May 1st, 2012, by Carla Amurao

Screenshot from satellite interview


Airdate | Tuesday, May 1, 2012

Hometown | Pass Christian, MS

Parents | Lawrence E. Roberts and Lucimarian Roberts

Why You (Should) Know Her:

  • She’s the co-anchor of ABC’s Good Morning America.
  • When she joined ESPN as a sportscaster in 1990, she made a name for herself with her catchphrase “Go on with your bad self!”
  • She was the first journalist to interview President Obama after his inauguration.

Why She’s Buzzing | Just in time for Mother’s Day, her new text, My Story, My Song, which was written with her mother, shares stories of their lives and what they learned from each other through their collaboration.

Robin Roberts Trivia

  • During the 2011 WNBA All-Star Game, Roberts’ broadcasting work was honored for its impact on women’s basketball.
  • Roberts was inducted into the Women’s Basketball Hall of Fame.
  • Her father, Lawrence, was a pilot with the Tuskegee Airmen.
  • Roberts graduated cum laude from Southeastern Louisiana University with a degree in communication.
  • A skilled basketball player, she turned down an athletic scholarship to Louisiana State University after visiting the campus. She still played for the Southeastern Louisiana University team, becoming one of only three Lady Lions to score 1,000 career points and claim 1,000 career rebounds. Her #21 jersey was retired during a ceremony held in February 2011.
  • She earned three Emmy Awards for her work with ESPN.
  • She was also given the WBCA’s Mel Greenberg Media Award in 2001.
  • Roberts drove the Pace Car for the 2010 Indianapolis 500 in May 2010.
  • On July 31, 2007, during a live broadcast, Roberts announced that she had been diagnosed with breast cancer. Ironically, it was after she had worked on a special covering Joel Siegel’s farewell on GMA. Siegel died from colon cancer. By March 2008, she had completed her chemotherapy and radiation treatments. (see video here)


2007   From the Heart: Seven Rules to Live By
2012   My Story, My Song: Mother-Daughter Reflections on Life and Faith

April 30th, 2012, by Jeremy Freed

There are plenty of places to download music online–some legal, some otherwise. Somewhere in the middle are a network of blogs dedicated to preserving and sharing obscure and out-of-print music, not for profit, but simply for enjoyment. Electric Jive is my latest discovery in this realm and has led to a recent accumulation of a mountain of amazing African tunes from decades past.

In the documentary on the making of Paul Simon’s “Graceland,” Under African Skies, Simon remarks on how he became obsessed with a mixtape of South African accordion jive, and it was that collection which inspired him to record there. A search of the kind of music that Simon would have heard on that tape turned up Electric Jive, a lovingly-curated archive of African sounds, from traditional to jazz to the very same kind of accordion, sax and guitar tunes that got Simon so excited.

Electric Jive is more than just a depository of music, however. It also compiles everything from original cover art, to scans of records, to all kinds of biographical and cultural information, as well as copious photos and anecdotes about the artists it presents. I’d encourage anyone with an interest in world music to check out the collection on Electric Jive, starting with this dance-happy collection of accordion hits. Your money back guaranteed if it doesn’t get you moving.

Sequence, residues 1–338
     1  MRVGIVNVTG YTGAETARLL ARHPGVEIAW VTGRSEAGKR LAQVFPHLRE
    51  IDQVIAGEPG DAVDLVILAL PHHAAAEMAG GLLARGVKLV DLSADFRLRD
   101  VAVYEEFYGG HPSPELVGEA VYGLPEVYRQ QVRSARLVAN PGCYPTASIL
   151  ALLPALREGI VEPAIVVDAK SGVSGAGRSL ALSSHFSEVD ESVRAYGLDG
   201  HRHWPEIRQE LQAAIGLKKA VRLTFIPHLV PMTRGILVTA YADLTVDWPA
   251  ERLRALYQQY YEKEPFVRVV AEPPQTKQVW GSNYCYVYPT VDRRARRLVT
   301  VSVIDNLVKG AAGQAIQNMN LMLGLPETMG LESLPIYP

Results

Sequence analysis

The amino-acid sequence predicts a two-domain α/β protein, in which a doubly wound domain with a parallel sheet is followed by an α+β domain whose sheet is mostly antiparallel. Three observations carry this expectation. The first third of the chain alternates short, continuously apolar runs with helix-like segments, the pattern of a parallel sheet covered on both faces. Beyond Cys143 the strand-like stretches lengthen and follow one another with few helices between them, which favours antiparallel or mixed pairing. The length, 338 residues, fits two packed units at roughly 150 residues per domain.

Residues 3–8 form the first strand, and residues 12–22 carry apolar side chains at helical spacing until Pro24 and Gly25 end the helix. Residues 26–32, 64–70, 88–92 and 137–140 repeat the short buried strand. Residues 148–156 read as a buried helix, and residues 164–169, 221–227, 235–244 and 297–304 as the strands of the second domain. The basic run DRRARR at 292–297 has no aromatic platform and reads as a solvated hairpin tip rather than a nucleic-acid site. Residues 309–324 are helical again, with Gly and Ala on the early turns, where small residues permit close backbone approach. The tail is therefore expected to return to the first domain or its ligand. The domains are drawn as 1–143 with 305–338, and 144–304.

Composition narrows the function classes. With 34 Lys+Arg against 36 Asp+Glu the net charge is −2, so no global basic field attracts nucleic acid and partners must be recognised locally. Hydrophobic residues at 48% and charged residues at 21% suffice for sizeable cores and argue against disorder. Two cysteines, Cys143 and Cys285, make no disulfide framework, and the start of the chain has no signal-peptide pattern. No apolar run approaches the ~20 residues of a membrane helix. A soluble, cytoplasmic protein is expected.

April 30th, 2012, by Sean Nixon

Knowing the details of financial aid can save you thousands in college costs.

To many students across the country, nothing is more exciting than an acceptance letter to the school of their choice. Thoughts of tailgate parties, lifelong friends and late nights in the library begin to fill the minds of these soon-to-be high school graduates.

But, enthusiasm alone won’t protect them from the skyrocketing costs of college. TIME magazine’s Kayla Webley has a must-read for anyone preparing to attend college. As a freshman in college years ago, I can tell you I wish I had something like this to keep me informed.

Students today must be made well aware of the costs, both in time and career earnings, of their student debt. As with any agreement, it’s always best to look at the fine print, and TIME‘s article definitely lays it all out for everyone to see.

Webley’s article points out the need-to-know basics of financial aid, as well as some of the little-known facts. For example, many colleges frontload in their financial aid packages for students. The term refers to colleges and universities giving students a higher amount of grants and scholarships early on in their academic career, which dwindle away as students continue their academics. This can make a college or university appear to be more generous for a student evaluating different financial aid packages.

Many students have worked diligently to prepare themselves for college by studying late hours, remaining academically competitive, networking and showing themselves to be well-rounded candidates to universities. With talks of job uncertainty, student debt and the unemployment numbers taking center stage in the national dialogue, Webley’s article is much needed, as millions of high school graduates take to the stage to receive their diplomas. Knowledge in any situation is half the battle to achieving one’s personal goals; so, take some time to get informed today. Not knowing can cost you seriously down the road.